You do not lose Medicare when you go on hospice. However, the Medicare website says: “Original Medicare will still pay for covered benefits for any health problems that aren’t part of your terminal illness and related conditions, but this is unusual. Once you choose hospice care, your hospice benefit will usually cover everything you need.”
The website also notes, “Medicare won’t cover any of these once your hospice benefit starts:
1.Treatment intended to cure your terminal illness and/or related conditions.
2.Prescription drugs to cure your illness
3.Care from any hospice provider that wasn’t set up by the hospice medical team
4.Room and board.
5.Care you get as a hospital outpatient (like in an emergency room), care you get as a hospital inpatient, or ambulance transportation, unless it’s either arranged by your hospice team or is unrelated to your terminal illness and related conditions.”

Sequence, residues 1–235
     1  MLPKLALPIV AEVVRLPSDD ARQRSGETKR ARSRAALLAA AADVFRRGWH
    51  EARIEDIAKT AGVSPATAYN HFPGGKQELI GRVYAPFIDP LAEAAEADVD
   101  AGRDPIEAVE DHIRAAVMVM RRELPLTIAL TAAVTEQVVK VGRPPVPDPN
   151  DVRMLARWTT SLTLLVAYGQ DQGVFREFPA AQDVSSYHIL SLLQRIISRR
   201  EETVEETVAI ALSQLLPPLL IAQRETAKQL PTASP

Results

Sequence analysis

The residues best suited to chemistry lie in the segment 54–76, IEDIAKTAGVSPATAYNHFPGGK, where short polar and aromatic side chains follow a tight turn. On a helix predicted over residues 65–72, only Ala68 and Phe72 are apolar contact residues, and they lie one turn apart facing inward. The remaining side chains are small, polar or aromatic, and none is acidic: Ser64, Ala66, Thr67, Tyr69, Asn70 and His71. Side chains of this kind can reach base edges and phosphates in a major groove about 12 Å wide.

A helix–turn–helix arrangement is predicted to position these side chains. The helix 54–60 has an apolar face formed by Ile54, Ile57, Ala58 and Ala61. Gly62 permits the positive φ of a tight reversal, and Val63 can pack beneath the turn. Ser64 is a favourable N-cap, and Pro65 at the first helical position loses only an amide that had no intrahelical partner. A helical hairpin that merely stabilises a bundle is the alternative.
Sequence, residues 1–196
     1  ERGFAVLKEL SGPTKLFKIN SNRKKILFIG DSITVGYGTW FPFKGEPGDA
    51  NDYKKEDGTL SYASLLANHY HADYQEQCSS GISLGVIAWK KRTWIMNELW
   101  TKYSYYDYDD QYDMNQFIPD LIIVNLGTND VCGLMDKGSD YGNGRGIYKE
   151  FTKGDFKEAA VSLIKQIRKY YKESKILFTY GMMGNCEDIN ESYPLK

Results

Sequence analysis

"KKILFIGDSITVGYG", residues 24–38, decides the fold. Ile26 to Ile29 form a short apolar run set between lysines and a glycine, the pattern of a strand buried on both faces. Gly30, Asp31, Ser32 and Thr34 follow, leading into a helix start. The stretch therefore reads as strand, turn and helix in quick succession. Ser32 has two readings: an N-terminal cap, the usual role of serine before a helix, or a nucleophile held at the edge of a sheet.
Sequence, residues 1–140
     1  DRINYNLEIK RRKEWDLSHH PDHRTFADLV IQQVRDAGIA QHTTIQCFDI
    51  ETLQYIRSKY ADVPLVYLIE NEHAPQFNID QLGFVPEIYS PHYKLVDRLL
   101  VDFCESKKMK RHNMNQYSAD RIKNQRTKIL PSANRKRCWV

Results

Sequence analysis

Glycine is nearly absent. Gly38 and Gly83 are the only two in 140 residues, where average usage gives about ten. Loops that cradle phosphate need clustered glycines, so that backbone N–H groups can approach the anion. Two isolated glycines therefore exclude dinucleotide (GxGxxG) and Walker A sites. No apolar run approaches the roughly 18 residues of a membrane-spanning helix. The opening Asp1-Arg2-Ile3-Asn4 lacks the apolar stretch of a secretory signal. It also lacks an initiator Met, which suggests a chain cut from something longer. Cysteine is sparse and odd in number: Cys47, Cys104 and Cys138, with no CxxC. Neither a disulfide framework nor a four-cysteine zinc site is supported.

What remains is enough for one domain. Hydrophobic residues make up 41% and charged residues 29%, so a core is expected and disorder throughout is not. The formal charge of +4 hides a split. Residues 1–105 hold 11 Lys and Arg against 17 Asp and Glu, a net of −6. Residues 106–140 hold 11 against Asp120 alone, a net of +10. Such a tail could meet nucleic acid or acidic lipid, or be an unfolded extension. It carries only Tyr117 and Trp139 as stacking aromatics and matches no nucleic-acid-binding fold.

Keep in mind that while Medicare pays for most of the hospice services covered by the plan, some out-of-pocket costs may still apply. Be sure to ask your hospice provider about any potential out-of-pocket expenses that might come up so you can prepare financially.
Also remember that if you choose a hospice provider outside of your network, additional fees or copays may apply.
Does Medicare pay for hospice after 6 months?
Medicare does cover hospice for more than 6 months, but the benefits and coverage may vary.
Generally speaking, when a patient qualifies for hospice services, the Medicare Hospice Benefit covers all of the medical equipment and supplies related to their terminal illness up to six months at a time.
After that initial period has ended, if you are still in need of hospice care and meet all of Medicare’s qualifications (including a doctor certifying that you have less than six months left to live), then Medicare will continue to pay for hospice services as long as you remain eligible.